12 thoughts on “D94 – Fraser

  1. Great Presentation! You were really clear, easy to understand, and made your poster very accessible. Do you think any changes in your protocol would have yielded more significant results? Would you have done anything differently if you could try again?

    1. Hey David, so initially my lab partner and I wanted to test multiple compounds. We started off with a few different elderberry extracts but ultimately only had enough time to test the lab grade one. Yes, I think that we could have yielded more significant results if we had more time to test all of them and if we were able to evenly distribute the larvae between the vials.

  2. Hi Colin, amazing presentation, very well done! I wanted to ask, i believe you stated you believed the compound would have a positive effect on the survival rate of the larvae even in the absence of radiation, (i apologize if ive misheard). What lead you to this hypothesis?

    1. Hey Charlotte, I apologize if I misspoke. So both the positive control (colchicine) and our experiemtal compound (porcyanidin B1) were expected to decrease the survival rates of the flies. and our negative control (DMSO) was expected to not have an affect on the survival rates.

  3. Your presentation was great! It was very clear and I fully understood. Really well done. Why did is that the ideal life cycle to begin?

    1. Hey Morgane, so the 3rd instar larvae portion of the flies life cycle is ideal for cancer research because they exhibit similar characteristics to cancer cells (which in turn are also similar to stem cells, which the flies have in their development). Overall, the fruit flies are a great model organism due to their short life cycle, they are inexpensive, easy to manipulate, produce a ton of offspring, and can be genetically modified with relative ease.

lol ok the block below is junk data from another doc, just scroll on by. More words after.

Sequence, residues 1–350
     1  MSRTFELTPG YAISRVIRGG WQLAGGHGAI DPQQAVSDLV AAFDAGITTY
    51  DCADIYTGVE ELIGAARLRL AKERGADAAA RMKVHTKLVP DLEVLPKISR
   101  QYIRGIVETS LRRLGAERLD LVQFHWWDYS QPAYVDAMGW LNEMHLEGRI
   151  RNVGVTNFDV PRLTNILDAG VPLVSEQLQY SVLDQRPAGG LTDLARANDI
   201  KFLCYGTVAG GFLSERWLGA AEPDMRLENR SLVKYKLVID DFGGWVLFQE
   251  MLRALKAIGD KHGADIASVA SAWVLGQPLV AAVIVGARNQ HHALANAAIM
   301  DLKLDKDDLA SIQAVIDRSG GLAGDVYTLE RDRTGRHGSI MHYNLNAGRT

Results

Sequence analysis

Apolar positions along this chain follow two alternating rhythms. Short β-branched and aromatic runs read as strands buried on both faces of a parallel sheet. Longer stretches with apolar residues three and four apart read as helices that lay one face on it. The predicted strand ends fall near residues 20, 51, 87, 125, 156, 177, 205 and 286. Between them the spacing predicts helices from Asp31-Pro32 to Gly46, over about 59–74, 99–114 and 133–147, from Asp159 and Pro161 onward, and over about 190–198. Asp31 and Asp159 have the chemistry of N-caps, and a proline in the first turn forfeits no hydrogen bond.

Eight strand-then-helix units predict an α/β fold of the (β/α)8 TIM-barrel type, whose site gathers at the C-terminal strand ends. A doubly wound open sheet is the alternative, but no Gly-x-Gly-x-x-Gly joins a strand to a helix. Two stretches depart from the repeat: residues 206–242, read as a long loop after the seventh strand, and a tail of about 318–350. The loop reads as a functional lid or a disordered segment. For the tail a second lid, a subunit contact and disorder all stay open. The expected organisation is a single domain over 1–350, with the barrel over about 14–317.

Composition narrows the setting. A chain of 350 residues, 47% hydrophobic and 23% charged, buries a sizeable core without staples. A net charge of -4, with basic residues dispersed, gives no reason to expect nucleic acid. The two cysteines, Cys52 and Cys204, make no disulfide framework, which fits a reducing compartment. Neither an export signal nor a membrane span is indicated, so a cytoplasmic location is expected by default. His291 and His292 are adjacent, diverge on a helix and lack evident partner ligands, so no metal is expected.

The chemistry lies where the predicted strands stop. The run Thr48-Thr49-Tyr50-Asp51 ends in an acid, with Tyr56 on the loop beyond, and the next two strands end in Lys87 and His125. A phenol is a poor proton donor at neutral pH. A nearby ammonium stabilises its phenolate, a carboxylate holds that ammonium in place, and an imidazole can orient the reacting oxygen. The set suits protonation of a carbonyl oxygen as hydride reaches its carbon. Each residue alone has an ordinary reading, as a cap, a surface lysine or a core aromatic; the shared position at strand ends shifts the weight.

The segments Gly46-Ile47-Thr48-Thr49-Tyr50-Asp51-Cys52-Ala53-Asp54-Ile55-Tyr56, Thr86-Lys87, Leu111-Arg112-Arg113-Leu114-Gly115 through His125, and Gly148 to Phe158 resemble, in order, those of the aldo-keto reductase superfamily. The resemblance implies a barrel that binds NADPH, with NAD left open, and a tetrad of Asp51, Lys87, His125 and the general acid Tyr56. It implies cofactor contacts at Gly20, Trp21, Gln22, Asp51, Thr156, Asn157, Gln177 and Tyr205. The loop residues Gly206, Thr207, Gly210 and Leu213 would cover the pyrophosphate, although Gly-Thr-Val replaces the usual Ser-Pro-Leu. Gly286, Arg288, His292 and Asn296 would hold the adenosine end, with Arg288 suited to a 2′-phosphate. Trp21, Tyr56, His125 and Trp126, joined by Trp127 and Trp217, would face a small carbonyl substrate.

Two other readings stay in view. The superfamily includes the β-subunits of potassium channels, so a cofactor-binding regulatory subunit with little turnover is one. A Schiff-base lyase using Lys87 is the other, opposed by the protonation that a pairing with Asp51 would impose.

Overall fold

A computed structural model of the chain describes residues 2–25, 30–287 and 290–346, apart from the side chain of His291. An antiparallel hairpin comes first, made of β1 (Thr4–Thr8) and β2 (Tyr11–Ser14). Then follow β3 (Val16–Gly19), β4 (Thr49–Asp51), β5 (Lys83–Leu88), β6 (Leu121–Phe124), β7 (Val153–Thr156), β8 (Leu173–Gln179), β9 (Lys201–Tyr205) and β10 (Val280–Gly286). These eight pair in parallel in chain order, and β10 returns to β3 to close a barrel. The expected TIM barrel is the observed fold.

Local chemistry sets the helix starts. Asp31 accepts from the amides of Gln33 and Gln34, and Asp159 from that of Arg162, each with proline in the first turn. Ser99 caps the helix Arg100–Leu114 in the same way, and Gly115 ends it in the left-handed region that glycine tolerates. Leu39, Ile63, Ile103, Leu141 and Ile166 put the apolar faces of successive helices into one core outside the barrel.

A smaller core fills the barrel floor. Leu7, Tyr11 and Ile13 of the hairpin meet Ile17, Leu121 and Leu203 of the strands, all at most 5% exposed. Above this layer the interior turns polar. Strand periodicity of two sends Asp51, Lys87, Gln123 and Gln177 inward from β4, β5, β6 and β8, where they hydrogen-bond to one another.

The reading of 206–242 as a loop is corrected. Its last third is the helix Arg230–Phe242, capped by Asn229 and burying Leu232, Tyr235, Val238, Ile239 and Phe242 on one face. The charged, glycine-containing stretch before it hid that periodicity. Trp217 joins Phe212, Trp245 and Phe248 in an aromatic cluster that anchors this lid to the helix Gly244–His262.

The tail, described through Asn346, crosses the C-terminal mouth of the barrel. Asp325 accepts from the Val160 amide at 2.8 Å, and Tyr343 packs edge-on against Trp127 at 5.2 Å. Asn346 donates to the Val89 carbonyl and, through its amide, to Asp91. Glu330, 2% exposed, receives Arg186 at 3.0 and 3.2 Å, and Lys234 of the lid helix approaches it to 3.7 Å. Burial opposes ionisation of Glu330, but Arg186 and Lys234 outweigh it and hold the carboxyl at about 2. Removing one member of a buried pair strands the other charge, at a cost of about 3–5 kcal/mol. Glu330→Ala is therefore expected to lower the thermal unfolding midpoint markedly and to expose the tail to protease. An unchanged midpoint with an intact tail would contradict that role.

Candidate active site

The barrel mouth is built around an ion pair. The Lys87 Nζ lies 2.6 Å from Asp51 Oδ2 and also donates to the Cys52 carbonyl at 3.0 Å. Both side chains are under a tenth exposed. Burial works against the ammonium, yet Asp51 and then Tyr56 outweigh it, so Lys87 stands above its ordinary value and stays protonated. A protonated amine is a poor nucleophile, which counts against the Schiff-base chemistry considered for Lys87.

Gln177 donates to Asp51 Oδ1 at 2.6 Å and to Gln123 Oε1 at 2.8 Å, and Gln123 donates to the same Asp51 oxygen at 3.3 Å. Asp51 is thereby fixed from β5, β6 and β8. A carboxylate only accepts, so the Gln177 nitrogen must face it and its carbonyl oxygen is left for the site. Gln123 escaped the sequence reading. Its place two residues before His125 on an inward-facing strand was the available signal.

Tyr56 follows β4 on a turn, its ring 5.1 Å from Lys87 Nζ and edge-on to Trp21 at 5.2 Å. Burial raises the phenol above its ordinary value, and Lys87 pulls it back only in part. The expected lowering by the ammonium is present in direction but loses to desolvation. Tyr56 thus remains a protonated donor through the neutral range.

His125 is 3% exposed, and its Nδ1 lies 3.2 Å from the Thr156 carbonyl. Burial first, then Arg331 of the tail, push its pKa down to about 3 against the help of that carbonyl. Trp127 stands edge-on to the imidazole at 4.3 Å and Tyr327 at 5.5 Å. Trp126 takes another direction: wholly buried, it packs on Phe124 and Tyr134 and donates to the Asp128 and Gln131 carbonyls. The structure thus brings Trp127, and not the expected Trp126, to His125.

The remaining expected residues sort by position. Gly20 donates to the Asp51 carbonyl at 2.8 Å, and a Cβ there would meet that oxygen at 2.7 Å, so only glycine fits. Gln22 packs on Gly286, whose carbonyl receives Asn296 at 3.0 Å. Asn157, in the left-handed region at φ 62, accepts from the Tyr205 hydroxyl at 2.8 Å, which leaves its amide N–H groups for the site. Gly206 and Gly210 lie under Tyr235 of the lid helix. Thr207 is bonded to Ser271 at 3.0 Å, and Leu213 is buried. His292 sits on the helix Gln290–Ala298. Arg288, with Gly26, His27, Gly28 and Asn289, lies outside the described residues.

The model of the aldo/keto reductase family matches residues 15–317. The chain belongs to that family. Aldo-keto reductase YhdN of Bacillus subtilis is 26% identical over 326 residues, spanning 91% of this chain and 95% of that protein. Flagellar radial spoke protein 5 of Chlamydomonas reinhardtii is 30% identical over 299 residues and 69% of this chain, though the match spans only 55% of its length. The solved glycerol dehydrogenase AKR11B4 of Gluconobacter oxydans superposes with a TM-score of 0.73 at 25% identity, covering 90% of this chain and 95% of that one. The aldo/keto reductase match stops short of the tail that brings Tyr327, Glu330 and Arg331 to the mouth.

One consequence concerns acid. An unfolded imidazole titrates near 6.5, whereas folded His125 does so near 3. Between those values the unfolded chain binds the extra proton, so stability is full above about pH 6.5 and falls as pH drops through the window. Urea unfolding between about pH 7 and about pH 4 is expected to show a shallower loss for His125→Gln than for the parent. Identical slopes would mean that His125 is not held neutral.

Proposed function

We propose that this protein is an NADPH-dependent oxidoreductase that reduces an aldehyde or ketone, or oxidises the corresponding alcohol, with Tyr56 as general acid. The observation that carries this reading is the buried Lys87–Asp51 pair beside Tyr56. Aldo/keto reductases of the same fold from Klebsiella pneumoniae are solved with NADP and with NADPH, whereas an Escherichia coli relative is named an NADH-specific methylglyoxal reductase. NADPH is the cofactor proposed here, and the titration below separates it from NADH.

4. I agree with everyone else that this was a good presentation. I noticed you kept referring to the word “hit,” but I was not too sure what it means- I am sorry if you stated it in the video.

    1. Hey Sam, no worries, so to develop our line in our graph we used class data that we gathered with a couple hundred data points to create the definition of a hit. The line represents 2 standard deviations below the mean survival rate (which was approximately 15%). Any vial that we had in our experiment that had a survival rate below the 2 standard deviations would be considered a ‘hit’, meaning it could be a potential chemotherapeutic.

    1. Hey Naomi, so fruit flies are an ideal substitute for actually studying cancer cells because they are relatively inexpensive, they are easy to culture in labs, they reproduce a ton of offspring, have a short lifecycle, low number of chromosomes and can be genetically modified with comparative ease. Specifically, we used the 3rd instar larvae portion of their life cycle.

  5. What’s a compound that you could test similar to the one already tested that would maybe provide a different result? Since there was not a hit, it might be better to test something different.

    1. Hey Nolan, so a similar compound that we could test in the future would be other types of proanthocyanidins (from catechin and epicatechin molecules). The reason we chose to study this specific compound is because it has been researched in the past and has shown to have significant effects on inter-cellular communication. I agree perhaps next time we could spend some more time researching potential candidates for chemotherapy.

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